Two different approaches to making a great phone
Each time a Nexus device is released, it garners quite a bit of attention. And rightfully so, when Google releases its own phone once a year it's a pretty big deal for Android enthusiasts. Once the dust settles on all of the new device news, we start to compare it to other top-notch devices that are at the top of everyone's minds.
We kicked things off with a comparison that most were drawing before the Nexus 5 was even released — the LG G2. Next up, I'll be looking at the Nexus 5 side-by-side with one of the most popular devices of the year, the HTC One. These are very different devices, each with their own strengths — let's take a look at how they compare.
It's hard to disagree that HTC set the bar higher than any other manufacturer when it released the HTC One. The solid metal design is crafted with extreme precision, and feels just about as good as it looks. On the other end of the spectrum, the Nexus 5 is definitely a plastic phone. While the white model we have here might be a bit more noticeably plastic with its glossy edges, in either color you won't get the premium feel of the HTC One.
The Nexus 5 fits a larger screen into a nearly identical footprint
There are slight differences in ergonomics as well, with the HTC having large bezels to accommodate capacitive buttons and BoomSound speakers, as well as a top-mounted power button that can be difficult to reach. The Nexus 5 fits a larger screen into a nearly identical footprint as the HTC One, and with side-mounted power and volume keys can be a little easier to manage in the hand.
We're still convinced that something is magical about the screens HTC sources for its devices. There's no better example of this than the SLCD 3 panel used on the HTC One, and we find ourselves using it as a benchmark for what all screens should look like. At 4.7-inches and 1080p resolution it's insanely crisp, and even though the Nexus 5's 5-inch 1080p screen has drastically improved over the Nexus 4, it just isn't quite there yet — the One still looks a touch brighter to our eyes, with more accurate colors. We're happy to say you won't be disappointed by either screen.
The HTC One still takes the cake in terms of look and feel for a smartphone
While we can see the merits of both designs, if you're not put off by the little extra weight of having a metal phone, we think the HTC One still takes the cake in terms of design and feel. There's a level of precision and quality shown on the One that you just don't find on the Nexus 5. We still wish that HTC could have gone with a side-mounted power button and something more traditional in terms of navigation buttons, but it's hard to find any meaningful faults in the One's design.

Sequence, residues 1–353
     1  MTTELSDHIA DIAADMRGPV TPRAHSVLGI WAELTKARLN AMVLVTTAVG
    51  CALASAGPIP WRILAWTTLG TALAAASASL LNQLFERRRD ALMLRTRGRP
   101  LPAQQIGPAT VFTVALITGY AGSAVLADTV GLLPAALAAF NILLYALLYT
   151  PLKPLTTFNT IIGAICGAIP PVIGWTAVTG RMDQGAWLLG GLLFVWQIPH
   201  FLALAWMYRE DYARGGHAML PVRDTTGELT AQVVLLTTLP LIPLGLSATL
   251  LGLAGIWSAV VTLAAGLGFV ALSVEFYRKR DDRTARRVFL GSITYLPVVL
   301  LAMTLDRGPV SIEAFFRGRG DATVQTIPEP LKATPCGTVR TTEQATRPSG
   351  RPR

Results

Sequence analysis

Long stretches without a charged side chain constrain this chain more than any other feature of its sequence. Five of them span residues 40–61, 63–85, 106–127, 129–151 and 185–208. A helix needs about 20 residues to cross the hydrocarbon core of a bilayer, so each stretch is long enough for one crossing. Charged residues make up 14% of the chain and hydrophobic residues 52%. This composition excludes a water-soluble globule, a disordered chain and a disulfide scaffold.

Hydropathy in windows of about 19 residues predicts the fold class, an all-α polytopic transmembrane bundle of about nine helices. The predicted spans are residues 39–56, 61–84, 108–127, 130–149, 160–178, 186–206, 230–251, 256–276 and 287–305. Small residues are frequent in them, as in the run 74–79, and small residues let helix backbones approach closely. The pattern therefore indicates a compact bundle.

You're getting very comparable specs in either one of these phones
In terms of the spec sheets, these phones are pretty well matched up. We've covered the fact that the screens and overall sizes are very similar, but there really are few differences at play here. The HTC One uses a Snapdragon 600 processor, while the later-released Nexus 5 has the newer 800, but both are paired with 2GB of RAM and generous storage options — although the One comes out on top by having a 64GB model available in some areas.
You'll be getting 802.11ac Wifi in both cases, along with plenty of sensors you expect and the same 2300mAh capacity Lithium-Polymer battery. The camera specs may be the biggest breakdown in spec differences, but we'll get to that in its own section below.
The HTC One may have been released several months before the Nexus 5, but these are both completely capable devices from an internal specification standpoint.
Being a Nexus device the Nexus 5 will always have the "advantage" of being the next point release of Android ahead with KitKat, but HTC isn't at all far behind now having pushed Android 4.3 updates to nearly all HTC Ones. Even with the new features in KitKat, there are very few functional differences between what the Nexus 5 and HTC One can accomplish.
Sense 5.5 is a very refined experience, but the Nexus 5 offers something new all together
HTC has put a ridiculous amount of time and effort into making Sense 5.5 feel like a consistent and snappy system, and the work has paid off. Not only do you get headline features like a great camera interface and gallery, but system-level features like better sound output and scrolling. In the end it really has to come down to your own preference here. If you're a fan of Sense you'll feel right at home on the HTC One and enjoy many of the new features — and if you're looking to hop onto the bleeding edge and like that "Stock" look, the Nexus 5 will greet you with a great new launcher, refreshed design and perfect integration with Google services.